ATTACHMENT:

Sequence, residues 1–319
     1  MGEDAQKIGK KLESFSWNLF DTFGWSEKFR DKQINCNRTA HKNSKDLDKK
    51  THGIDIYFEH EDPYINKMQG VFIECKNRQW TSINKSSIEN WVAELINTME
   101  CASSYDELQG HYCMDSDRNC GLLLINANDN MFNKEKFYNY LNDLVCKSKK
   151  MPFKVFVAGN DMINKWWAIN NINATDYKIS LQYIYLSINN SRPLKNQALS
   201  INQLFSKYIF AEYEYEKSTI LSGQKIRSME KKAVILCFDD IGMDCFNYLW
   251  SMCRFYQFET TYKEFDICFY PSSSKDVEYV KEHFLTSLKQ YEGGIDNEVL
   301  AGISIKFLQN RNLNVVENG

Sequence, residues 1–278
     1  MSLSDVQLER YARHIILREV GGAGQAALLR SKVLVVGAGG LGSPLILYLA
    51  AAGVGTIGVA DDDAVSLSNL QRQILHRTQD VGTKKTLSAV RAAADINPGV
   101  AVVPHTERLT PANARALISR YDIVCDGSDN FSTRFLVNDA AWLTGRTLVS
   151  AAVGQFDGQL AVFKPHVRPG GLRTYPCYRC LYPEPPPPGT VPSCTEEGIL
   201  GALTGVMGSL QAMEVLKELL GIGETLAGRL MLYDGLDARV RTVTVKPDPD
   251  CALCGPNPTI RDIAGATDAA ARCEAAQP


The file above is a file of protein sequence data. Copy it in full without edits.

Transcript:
Sequence, residues 1–319
     1  MGEDAQKIGK KLESFSWNLF DTFGWSEKFR DKQINCNRTA HKNSKDLDKK
    51  THGIDIYFEH EDPYINKMQG VFIECKNRQW TSINKSSIEN WVAELINTME
   101  CASSYDELQG HYCMDSDRNC GLLLINANDN MFNKEKFYNY LNDLVCKSKK
   151  MPFKVFVAGN DMINKWWAIN NINATDYKIS LQYIYLSINN SRPLKNQALS
   201  INQLFSKYIF AEYEYEKSTI LSGQKIRSME KKAVILCFDD IGMDCFNYLW
   251  SMCRFYQFET TYKEFDICFY PSSSKDVEYV KEHFLTSLKQ YEGGIDNEVL
   301  AGISIKFLQN RNLNVVENG

Sequence, residues 1–278
     1  MSLSDVQLER YARHIILREV GGAGQAALLR SKVLVVGAGG LGSPLILYLA
    51  AAGVGTIGVA DDDAVSLSNL QRQILHRTQD VGTKKTLSAV RAAADINPGV
   101  AVVPHTERLT PANARALISR YDIVCDGSDN FSTRFLVNDA AWLTGRTLVS
   151  AAVGQFDGQL AVFKPHVRPG GLRTYPCYRC LYPEPPPPGT VPSCTEEGIL
   201  GALTGVMGSL QAMEVLKELL GIGETLAGRL MLYDGLDARV RTVTVKPDPD
   251  CALCGPNPTI RDIAGATDAA ARCEAAQP